Busuu 5/5:

+ Language learning plan for up to B2

+ Your exercises are corrected by the community, including explanations.

+ Very beautiful interface, many topics you can choose from (also Work, Pregnancy, Holidays, Travelling etc.)

+ A LOT of grammar explanations

- It costs a bit of money (around 35€ per year)

- Not many languages (only 12)

Good for people who have a goal in their mind, who want to learn a language actively and like a scedule.

 

LanguagePod101 4/5:

+ A LOT of languages

+ A lot of free resources, PDF's, their Youtube channel is amazing (check it out!)

- The website is really crowded and hard to navigate

- Some features cost a bit

Good for learning with PDF's and audio immersion.

 

Babbel 3/5:

+ Most famous website next to Duolingo

+ Many business features

- It costs a lot, probably one of the most

- Sometimes the topics are really random and not complete

Good for businesses.

 

Mondly 4/5:

+ It has many languages you can choose from

+ Nice interface, really beautifully designed.

- It costs quite a bit (+35€ per year)

- Not many topics (you probably would only reach A2, maximum B1 with this one)

Good for people who want to start learning a more uncommon language.

Edited by someneko
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Posted (edited)

Seems like a lot of apps get all the votes. I stick to textbooks for my language learning and I vaguely stick to the jlpt syllabus so I know what I’m learning is relevant that kind of thing. 

Grammar wise, tae Kim and the genki books are great. Vocab I just make my own flash cards based off the jlpt. Listening I watch anime, terra house, YouTubers like yuta though this aspect definitely is the hardest when living outside japan. Speaking I just listen and learn new jpop songs when I sing along or whatever it helps with pronounciation. I can honestly say  my one month living in japan helped more in my language pursuits than any other method xD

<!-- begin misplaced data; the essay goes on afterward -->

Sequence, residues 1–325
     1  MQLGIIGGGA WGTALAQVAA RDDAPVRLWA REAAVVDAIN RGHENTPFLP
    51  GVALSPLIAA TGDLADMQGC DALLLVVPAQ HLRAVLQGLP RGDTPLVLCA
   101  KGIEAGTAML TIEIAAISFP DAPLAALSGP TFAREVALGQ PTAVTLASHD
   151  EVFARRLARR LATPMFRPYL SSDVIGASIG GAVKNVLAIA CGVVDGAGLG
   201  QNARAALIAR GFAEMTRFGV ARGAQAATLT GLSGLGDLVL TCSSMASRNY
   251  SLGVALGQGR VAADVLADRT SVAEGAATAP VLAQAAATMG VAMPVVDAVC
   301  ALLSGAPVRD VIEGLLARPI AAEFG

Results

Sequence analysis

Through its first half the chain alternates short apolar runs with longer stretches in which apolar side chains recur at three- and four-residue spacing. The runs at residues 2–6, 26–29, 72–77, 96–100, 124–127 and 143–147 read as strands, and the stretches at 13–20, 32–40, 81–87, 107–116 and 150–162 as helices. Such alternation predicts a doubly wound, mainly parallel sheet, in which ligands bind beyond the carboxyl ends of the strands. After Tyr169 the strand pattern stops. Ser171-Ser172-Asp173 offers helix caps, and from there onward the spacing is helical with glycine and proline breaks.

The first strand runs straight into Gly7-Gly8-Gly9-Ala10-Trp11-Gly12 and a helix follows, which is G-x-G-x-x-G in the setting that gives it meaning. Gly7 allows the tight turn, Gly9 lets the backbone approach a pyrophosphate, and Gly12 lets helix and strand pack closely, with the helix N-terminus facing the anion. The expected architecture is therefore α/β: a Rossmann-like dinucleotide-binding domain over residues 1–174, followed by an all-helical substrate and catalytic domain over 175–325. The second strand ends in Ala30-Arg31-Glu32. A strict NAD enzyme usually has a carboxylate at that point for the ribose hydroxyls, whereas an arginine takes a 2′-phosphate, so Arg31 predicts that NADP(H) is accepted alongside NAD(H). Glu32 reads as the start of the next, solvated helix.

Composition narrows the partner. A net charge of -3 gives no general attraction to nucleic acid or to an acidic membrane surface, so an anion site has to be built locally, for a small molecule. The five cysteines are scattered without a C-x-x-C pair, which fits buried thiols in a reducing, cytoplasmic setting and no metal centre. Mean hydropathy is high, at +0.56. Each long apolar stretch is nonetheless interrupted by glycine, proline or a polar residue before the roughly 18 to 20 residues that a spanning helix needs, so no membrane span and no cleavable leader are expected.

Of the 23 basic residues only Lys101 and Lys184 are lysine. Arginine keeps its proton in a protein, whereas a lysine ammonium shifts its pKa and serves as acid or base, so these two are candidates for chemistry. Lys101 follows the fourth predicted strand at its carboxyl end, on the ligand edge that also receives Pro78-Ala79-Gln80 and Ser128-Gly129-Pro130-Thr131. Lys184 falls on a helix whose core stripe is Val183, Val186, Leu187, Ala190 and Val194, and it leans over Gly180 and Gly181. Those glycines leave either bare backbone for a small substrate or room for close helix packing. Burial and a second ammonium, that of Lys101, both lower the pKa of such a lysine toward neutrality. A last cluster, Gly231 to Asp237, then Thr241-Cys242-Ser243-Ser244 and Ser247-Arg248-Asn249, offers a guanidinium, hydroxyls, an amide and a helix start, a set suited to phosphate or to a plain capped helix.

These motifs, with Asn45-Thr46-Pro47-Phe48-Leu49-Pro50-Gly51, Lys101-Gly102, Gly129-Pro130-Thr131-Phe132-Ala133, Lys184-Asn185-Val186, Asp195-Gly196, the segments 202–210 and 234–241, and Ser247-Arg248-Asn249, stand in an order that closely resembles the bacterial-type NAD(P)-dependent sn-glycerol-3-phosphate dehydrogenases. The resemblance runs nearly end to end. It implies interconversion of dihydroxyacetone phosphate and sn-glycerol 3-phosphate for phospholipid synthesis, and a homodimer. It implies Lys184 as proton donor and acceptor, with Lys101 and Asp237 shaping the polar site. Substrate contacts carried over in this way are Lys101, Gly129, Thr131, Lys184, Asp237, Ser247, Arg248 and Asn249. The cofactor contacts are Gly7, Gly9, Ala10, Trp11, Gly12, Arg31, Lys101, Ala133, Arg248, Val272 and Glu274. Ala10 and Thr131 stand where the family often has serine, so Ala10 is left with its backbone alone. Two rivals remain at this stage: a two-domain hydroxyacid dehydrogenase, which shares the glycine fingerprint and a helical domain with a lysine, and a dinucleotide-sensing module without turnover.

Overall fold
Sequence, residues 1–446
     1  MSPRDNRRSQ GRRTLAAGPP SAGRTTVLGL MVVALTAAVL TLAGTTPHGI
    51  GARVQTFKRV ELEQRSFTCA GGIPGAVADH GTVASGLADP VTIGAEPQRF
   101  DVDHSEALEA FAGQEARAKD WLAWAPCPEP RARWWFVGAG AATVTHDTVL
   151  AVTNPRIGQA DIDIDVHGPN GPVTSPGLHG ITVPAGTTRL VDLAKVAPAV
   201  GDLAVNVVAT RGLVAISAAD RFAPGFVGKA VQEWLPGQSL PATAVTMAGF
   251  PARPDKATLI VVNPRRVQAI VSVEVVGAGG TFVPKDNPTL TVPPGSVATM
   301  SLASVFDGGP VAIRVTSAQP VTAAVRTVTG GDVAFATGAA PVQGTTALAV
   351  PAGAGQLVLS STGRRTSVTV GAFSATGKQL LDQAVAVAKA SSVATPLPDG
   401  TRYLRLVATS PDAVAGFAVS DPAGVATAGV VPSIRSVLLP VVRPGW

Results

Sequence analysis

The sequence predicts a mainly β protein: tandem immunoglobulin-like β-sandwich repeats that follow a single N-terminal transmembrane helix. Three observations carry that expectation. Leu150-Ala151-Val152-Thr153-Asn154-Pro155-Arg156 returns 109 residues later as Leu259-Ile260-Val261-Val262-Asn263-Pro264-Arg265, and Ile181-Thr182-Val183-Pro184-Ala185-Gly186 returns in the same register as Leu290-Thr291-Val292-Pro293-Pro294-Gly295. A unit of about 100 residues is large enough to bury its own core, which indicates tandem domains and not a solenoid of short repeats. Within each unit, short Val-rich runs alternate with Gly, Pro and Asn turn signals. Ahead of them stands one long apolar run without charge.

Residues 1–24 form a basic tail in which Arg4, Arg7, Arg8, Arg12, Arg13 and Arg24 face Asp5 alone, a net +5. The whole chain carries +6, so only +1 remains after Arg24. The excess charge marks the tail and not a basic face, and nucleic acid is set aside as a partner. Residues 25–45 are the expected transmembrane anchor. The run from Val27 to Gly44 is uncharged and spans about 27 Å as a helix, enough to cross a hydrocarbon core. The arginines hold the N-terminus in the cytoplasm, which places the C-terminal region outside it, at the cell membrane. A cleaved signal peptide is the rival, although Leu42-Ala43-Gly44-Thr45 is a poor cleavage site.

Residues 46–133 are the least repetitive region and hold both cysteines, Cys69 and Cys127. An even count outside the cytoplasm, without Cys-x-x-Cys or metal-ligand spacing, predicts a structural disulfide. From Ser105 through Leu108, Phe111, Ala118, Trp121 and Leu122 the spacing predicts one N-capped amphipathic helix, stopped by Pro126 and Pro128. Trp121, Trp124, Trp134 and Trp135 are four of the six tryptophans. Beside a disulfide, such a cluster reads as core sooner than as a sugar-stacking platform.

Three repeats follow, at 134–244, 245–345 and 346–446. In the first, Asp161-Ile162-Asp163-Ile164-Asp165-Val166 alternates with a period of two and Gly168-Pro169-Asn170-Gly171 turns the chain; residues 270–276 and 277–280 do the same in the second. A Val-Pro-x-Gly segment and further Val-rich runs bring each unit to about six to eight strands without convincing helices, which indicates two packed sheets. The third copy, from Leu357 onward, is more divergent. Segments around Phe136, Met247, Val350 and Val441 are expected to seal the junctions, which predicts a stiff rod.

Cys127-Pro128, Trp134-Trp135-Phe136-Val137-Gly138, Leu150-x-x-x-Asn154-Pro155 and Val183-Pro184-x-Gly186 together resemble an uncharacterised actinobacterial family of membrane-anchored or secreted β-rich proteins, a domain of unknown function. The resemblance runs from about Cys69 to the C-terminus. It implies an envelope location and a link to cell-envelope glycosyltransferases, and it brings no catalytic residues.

Edited by gilgamesh
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The easiest way to learn a language is at a young age, but as we get older, it gets harder but not impossible. In my mind, whenever I speak English and French, I translate the word into my more comfortable language, which is English. Having consistent practice and conversations is what establishes muscle memory for this new language.

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Posted

i've tried duolingo several times, for german and japanese and it's very good for learning vocabulary but it seems like they expect you to figure out the grammar and everything else on your own lol

as people above mentioned, the best way to learn is immersion. listen to music, watch movies, change your phone to your target language if you can deal with it lol. and constantly learn new vocabulary !! those two can get you very far, they make learning the grammar easier too 

for me it was very helpful to get a tutor bc they are there to help you and push you in the right direction, especially with a language like japanese